Having a strong brand helps customers identify you and reinforces your position in the public eye.
How are customers able to identify your products or services? Do you have a symbol or logo that is uniquely yours?
A brand is the identifiable characteristics that consumers associate with your company. In some instances, these characteristics become more important to the public and actually supplant the company name as the organization’s identifying characteristic. Having a strong brand helps customers identify you and reinforces your position in the public eye. Building your brand requires careful thought and planning. Learn the one overriding principal of branding and the five elements that make up a successful brand.
For example, the brown delivery truck is an essential part of the UPS brand. The truck and logo are almost universally recognized as a delivery service—but if you ask a random group of people what UPS stands for, only a small percentage will be able to tell you United Parcel Service.
Having a strong brand helps customers identify you and reinforces your position in the public eye. Building your brand requires careful thought and planning. Here I’m just going to hit on the one overriding principal of branding and explain the five elements that make up a successful brand.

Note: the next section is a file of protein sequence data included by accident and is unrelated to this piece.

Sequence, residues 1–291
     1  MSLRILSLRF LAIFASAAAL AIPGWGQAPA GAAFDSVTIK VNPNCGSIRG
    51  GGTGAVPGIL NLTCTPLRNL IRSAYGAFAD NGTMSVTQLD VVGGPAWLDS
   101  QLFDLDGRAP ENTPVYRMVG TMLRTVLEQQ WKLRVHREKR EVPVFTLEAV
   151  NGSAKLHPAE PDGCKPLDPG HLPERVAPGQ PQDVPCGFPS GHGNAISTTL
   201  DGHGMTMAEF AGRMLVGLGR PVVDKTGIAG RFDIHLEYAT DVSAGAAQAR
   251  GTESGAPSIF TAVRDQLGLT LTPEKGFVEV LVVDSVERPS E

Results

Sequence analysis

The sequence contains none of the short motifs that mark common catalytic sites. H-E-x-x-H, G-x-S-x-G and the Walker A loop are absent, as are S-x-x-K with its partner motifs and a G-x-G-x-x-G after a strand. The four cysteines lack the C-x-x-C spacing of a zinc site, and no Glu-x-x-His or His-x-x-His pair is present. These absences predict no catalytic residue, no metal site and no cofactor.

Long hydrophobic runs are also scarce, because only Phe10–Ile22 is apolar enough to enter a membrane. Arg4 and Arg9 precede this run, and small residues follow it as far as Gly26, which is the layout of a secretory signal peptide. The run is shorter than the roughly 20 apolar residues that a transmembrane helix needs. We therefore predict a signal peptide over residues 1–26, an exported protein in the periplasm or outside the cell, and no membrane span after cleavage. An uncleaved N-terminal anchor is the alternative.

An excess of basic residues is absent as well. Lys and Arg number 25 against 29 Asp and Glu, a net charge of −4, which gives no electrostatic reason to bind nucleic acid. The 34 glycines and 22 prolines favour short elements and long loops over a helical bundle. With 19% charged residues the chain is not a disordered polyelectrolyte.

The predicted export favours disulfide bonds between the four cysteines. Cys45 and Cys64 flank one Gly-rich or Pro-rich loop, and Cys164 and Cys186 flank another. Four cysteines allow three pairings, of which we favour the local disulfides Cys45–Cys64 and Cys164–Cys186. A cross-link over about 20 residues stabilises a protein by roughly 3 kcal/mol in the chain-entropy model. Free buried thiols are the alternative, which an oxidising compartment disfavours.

To work, your branding must be consistent. Consistency is the overriding principal of branding. Advertising campaigns may come and go. Your speaking business may change direction. You may introduce new service offerings or scale back. Throughout every change your company makes, it is imperative that your branding remain consistent.
Here are the five basic elements that make up a brand
- Logo: A logo should be visually striking, easy to read, and memorable. Simple designs often work best—but just because something is simple doesn’t mean it’s easy. Consider working with a graphic designer to create a logo that is unique and effective. It’ll be money well spent, and it projects your image.
- Color: Color is a very powerful tool. Some colors evoke feelings of calm, while others rouse stronger emotions. Select a palette of up to three primary colors. These colors should be used in your logo, on your stationary, in advertisements—in fact, anywhere that your name reaches the public eye in your niche market. Stay simple. Any obscure or unusual color is likely to raise your printing budget. Just like your services, the more specialized, the more it costs!
- Typeface: Typeface, or the font used in the creation of your logo and literature, may seem like a subtle point. Yet, your font choice can dramatically alter the look and feel of your brand. Pick one you like, keeping an eye on readability and consistency with your image, be it conventional or hi-tech. This is when it’s best to consult a graphic designer who understands your needs and what would best appeal to your target audience.
- Language: Language choice reflects your company image. Make sure you use language that is consistent with the image you want to present. For example, if you’ve branded yourself as a hip-hop speaker, you want to use the language to which your audience expects and relates. This would be totally different if you’re presenting yourself as a speaker to the legal industry.
- Imagery: Any time you use a photo in relation to your business, it should reinforce the image you want to portray. As speakers you need to update your photos regularly. Make sure they make you look friendly, approachable, but yet professional.